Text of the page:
Driving is Sydney is a daunting task whether you’re in the ‘burbs or in the city proper. Well, so I’m told. As someone who only learned to drive 5 or so years ago, I don’t really know any different and spend a fair bit of time driving in both the city and the suburbs. And let me tell you- driving in Sydney has taught me a thing or two.
Driving in Sydney: An Odyssey in itself
This is what we have to work with, people. It’s no wonder that we are all driving around in various states of confusion and anxiety. Some things, however, stand out to me on an almost-daily basis.
Driving in Sydney? You’re on your own, mate
There is very little camaraderie on Sydney roads. If you have to merge onto a motorway of some kind, people will jealously guard their position in the slow-crawling traffic queues without a second thought. None of this zipper-like efficiency where everyone lets someone in and we all roll along steadily. This is where the wave comes in.
If someone slows and lets you in and you give them a thank you wave, 100% of other drivers will appreciate this. It is seen as the decent and courteous thing to do. Failure to wave is considered poor form. If this is you, think yourself lucky that you can’t actually hear what the other driver is saying about you. It’s a known fact that Sydney children learn 90% of their swearing vocabulary in their first 10 years of life exclusively from the back seat of their parent’s cars.
Sydney drivers want to keep you guessing
Like a coy and mysterious partner, Sydney drivers often keep their fellow road users in suspense. With a Mona Lisa smile, they’ll refuse to give any indication of their intentions. Literally. Whether it’s a surprise lane-change or a situation at a roundabout that has left me with serious trust issues, you quickly learn that Sydney drivers don’t want you to have any idea of what they’ll do next. Is it paranoia or is it laziness? We’ll never know!
Know where you’re going
If you dare to be in the wrong lane, you cannot expect anyone to let you in. When you’re driving in Sydney, you are expected to simply go the wrong way. If you try to change to the correct lane, other drivers will take this as a personal attack.
Just this morning, it happened to me. I was in the wrong lane in an unfamiliar area. I went to change lanes and the oncoming vehicle sped up. The driver did not let me change lanes. I did not force the issue- I waited for a gap. This did not stop the driver from looking at me with outrage, completely affronted at my unfamiliarity with her fine suburb. I ended up alongside her further down the road. She made sure to peer at me in disgust, shaking her head slowly. There was no way to explain that it was nothing personal. Despite causing her zero inconvenience, I managed to ruin her day.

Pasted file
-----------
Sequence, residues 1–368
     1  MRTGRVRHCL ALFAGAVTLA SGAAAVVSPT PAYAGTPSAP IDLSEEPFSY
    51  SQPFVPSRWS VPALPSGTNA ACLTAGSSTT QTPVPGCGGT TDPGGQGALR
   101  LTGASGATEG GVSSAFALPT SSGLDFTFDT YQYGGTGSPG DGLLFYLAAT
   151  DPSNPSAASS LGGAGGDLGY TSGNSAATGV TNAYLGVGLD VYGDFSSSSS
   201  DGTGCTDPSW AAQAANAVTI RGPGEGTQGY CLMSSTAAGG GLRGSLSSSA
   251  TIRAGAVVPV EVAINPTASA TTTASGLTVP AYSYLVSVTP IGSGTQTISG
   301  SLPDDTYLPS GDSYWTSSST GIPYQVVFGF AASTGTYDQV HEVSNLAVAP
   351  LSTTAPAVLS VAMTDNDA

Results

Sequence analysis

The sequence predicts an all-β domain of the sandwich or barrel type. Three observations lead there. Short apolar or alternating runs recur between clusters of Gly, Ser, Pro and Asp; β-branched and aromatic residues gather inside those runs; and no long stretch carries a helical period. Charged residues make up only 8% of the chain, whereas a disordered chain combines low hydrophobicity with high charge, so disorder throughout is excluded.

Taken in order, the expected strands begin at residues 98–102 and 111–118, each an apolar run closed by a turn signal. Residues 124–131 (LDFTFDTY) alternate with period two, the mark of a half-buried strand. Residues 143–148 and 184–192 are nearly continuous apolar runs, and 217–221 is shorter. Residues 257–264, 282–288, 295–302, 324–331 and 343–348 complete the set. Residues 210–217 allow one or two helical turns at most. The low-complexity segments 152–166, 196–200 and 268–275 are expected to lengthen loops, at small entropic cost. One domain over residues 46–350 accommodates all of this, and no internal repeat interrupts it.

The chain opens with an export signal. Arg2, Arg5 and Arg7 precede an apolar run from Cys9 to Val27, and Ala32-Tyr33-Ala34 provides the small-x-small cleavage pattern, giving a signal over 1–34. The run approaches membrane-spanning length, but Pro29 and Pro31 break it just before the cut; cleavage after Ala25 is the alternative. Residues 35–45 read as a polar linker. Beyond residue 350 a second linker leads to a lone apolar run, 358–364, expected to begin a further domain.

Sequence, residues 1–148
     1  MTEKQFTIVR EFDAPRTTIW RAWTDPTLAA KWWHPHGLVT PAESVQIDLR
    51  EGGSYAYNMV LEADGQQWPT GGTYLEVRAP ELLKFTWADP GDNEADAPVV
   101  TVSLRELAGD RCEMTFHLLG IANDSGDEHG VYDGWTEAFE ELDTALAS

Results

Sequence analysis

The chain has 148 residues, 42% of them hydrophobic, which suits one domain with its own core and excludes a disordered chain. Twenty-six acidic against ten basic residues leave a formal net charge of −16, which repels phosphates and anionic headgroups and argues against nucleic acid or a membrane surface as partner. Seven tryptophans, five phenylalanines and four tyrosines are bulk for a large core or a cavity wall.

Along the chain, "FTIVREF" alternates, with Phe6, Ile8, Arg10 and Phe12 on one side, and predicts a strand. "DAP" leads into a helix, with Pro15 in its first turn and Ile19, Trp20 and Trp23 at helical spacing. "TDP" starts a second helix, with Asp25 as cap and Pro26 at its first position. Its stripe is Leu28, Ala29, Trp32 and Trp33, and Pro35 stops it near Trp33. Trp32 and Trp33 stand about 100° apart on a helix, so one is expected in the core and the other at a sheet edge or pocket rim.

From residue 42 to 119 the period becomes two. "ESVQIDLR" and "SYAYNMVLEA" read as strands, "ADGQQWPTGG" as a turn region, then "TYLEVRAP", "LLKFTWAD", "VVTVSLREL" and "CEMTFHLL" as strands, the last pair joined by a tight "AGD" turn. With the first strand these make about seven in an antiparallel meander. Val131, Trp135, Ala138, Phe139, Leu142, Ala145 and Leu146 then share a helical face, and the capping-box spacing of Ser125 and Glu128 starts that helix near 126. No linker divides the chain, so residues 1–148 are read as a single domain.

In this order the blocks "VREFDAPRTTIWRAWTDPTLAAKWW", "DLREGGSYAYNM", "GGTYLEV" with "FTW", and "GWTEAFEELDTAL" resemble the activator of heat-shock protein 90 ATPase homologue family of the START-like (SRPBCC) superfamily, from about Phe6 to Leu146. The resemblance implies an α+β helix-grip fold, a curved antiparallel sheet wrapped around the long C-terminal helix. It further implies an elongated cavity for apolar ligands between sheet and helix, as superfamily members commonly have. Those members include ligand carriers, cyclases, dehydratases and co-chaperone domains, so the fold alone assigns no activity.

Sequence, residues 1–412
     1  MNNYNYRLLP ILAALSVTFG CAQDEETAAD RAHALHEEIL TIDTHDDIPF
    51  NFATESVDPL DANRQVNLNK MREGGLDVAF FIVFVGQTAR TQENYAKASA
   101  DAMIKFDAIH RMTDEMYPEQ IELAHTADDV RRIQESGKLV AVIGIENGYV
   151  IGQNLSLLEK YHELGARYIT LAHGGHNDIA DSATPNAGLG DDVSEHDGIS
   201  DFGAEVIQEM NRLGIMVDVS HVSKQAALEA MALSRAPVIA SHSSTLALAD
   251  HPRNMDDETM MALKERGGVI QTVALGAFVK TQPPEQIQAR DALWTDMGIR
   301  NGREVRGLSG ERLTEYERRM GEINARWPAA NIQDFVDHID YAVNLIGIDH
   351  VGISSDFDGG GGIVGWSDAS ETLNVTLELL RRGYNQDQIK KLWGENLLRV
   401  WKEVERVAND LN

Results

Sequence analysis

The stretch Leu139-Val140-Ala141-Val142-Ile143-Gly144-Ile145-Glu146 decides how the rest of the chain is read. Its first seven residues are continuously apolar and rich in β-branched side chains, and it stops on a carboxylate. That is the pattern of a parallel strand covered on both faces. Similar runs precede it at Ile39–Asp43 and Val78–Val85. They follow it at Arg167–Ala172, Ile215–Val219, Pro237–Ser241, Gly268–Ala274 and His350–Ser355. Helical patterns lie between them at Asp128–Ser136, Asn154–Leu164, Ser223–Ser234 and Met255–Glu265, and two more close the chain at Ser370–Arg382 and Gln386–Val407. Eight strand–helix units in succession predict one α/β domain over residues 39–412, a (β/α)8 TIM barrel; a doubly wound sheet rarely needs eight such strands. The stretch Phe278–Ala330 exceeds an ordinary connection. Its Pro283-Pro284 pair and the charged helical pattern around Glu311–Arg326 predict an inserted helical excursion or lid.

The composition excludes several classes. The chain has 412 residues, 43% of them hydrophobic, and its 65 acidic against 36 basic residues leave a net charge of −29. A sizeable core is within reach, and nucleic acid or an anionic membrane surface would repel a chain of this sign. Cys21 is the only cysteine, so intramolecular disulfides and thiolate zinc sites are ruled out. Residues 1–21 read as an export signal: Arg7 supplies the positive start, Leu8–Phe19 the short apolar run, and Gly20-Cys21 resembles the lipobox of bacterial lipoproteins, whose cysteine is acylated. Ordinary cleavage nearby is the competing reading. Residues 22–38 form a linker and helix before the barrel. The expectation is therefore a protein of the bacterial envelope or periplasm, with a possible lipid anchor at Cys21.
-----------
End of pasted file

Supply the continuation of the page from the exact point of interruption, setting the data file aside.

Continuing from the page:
Dare to change lanes? Sydney drivers be like:
Horns: What are they even for?
According to the law, you’re meant to use them to warn other drivers and random animals of danger.
Driving in Sydney, however, the horn is used to send a variety of messages to other drivers, such as:
- “I am tailgating you even though you are doing the legal speed limit because I want you to go faster, because reasons!”
- “I cannot believe you just stopped at that stop sign!”
- “The light is green. Stop looking at your goddamn phone and DRIVE!”
- “I want you to drive out into traffic even if there is no gap. Do it.”
Choose your own adventure!
There is a small subset of Sydney drivers who march to the beat of their own drums. They see things like lane markers and “no right turn” signs as optional. Why wait in the queue to merge when you can simply fly up the outside of the lane and force your way across? Sure, you might take out a mirror or two, but everyone will be SO IMPRESSED by what a
fucking asshole brilliant driver you are, right? Turning wherever you like, regardless of signage, might cause a near-miss or an actual prang, but what of it? You’re a rebel without a brain cause, baby!
When a wave isn’t enough
If someone lets you in or shows some other courtesy to you on the roads, a wave is an acceptable acknowledgement. However, if you pull a dick move like flying out of a driveway or side-street into oncoming traffic, causing me to slam on my breaks to avoid colliding with you at 60km/hr, a wave isn’t really enough. A wave says “Thanks for letting me in!” not “Nearly killed you all, soz!” This can be easily avoided by just not doing those things.
Me, driving to work:
Driving and mobile phones
We have all these laws around the use of phones while driving. Don’t text and drive, ever. Don’t hold and use mobile phone while driving. Some Sydney drivers- quite a few, in fact- don’t realise that putting your call on speaker and holding it in front of your face while you drive is a terrible idea. And, you know, illegal. I saw a driver recently holding her phone with it’s cover opened, book like, at the top of her steering wheel in bumper to bumper traffic.
Have you seen these things while driving in Sydney or elsewhere??